Radical chic


“‘Radical chic’ is a term coined by journalist Tom Wolfe in his 1970 essay ‘Radical Chic: That Party at Lenny’s’ to describe the adoption and promotion of radical political causes by celebrities, socialites, and high society. The concept has been described as ‘an exercise in double-tracking one’s public image: on the one hand, defining oneself through committed allegiance to a radical cause, but on the other, vitally, demonstrating this allegiance because it is the fashionable, au courant way to be seen in moneyed, name-conscious Society.’ Unlike dedicated activists, revolutionaries, or dissenters, those who engage in ‘radical chic’ remain frivolous political agitators. They are ideologically invested in their cause of choice only so far as it advances their social standing. ‘Terrorist chic’ is a modern expression with similar connotations. This derivative, however, de-emphasizes the class satire of Wolfe’s original term, instead accentuating concerns over the semiotics of radicalism (such as the aestheticization of violence). In languages such as American English, French and Italian the term has become widely used to indicate people identifying themselves as socialists or radical leftists while conducting upper-class lifestyles. … In the essay, Wolfe used the term to satirize composer Leonard Bernstein and his friends for their absurdity in hosting a fundraising party for the Black Panthers—an organization whose members, activities, and goals were clearly incongruous with those of Bernstein’s elite circle. Wolfe’s concept of radical chic was intended to lampoon individuals (particularly social elites like the jet set) who endorsed leftist radicalism merely to affect worldliness, assuage white guilt, or garner prestige, rather than to affirm genuine political convictions. … Terrorist chic (also known as ‘terror chic’ or ‘militant chic’) is a more recent and specific variation of the term. It refers to the appropriation of symbols, objects, and aesthetics related to radical militants, usually in the context of pop culture or fashion. When such imagery is deployed subversively, the process exemplifies aestheticization of propaganda. Regardless, because terrorist chic derives its iconography from groups and individuals often associated with violent conflict or terrorism, the term carries a greater pejorative tone than ‘radical chic.’ Instances of terrorist chic have variously been interpreted as morally irresponsible, earnestly counter-cultural, ironically hip, or benignly apolitical. …”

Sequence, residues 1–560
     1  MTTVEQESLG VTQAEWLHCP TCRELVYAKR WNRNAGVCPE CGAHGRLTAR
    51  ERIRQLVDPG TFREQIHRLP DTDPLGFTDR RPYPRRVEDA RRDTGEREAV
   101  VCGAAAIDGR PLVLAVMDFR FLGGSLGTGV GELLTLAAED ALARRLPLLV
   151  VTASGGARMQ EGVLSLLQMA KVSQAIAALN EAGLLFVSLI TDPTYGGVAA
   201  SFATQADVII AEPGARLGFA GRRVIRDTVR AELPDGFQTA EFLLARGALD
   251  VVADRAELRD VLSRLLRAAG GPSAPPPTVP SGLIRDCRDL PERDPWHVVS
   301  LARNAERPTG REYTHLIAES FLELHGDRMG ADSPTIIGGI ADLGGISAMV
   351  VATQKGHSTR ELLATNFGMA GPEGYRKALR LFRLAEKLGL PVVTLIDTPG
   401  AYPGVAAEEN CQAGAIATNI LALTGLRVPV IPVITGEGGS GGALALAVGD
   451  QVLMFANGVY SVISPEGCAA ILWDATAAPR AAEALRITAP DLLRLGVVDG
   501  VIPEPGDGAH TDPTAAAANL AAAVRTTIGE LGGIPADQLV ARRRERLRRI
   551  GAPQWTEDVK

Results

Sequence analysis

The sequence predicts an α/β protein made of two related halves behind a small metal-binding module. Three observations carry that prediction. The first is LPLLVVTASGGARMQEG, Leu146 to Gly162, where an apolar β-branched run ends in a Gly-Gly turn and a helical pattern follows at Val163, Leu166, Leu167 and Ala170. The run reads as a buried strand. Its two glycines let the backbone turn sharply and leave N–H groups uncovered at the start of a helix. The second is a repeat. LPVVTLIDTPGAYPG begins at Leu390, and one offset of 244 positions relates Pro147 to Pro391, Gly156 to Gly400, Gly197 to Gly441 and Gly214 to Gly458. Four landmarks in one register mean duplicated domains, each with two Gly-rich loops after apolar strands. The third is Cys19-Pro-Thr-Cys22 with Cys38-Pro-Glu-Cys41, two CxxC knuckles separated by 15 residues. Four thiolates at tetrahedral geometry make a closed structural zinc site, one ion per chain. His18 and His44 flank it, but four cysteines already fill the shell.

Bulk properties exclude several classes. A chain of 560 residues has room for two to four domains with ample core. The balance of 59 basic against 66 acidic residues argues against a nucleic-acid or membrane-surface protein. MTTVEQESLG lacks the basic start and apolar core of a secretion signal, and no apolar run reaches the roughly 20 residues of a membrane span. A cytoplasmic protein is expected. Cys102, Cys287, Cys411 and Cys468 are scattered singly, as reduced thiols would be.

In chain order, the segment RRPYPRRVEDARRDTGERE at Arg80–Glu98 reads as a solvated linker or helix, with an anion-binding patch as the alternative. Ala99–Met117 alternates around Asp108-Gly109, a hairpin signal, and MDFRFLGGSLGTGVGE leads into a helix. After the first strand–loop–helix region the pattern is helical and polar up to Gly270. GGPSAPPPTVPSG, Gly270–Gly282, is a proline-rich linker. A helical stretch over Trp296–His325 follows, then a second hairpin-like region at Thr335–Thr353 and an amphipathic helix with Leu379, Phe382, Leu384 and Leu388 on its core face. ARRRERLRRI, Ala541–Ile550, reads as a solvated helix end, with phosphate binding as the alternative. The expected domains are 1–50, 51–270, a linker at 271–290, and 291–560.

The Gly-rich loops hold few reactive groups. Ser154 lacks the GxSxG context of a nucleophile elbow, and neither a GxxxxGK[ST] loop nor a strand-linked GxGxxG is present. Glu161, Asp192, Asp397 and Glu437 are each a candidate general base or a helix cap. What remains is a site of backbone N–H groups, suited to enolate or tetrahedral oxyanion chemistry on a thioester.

Wikipedia
“Radical Chic: That Party at Lenny’s” by Tom Wolfe (From the June 8, 1970 issue of New York Magazine
[PDF] Radical Chic: That Party at Lenny’s by Tom Wolfe
Radical Chic? Yes We Are!
Revisiting Tom Wolfe’s Radical Chic (1970) – Andrew Hamilton


New York magazine photograph of Leonard Bernstein (seated at center), his wife Felicia Montealegre (left) and Don Cox (standing), Field Marshal of the Black Panther Party, in the Bernsteins’ 13 room penthouse on Park Avenue in Manhattan, January 14, 1970.

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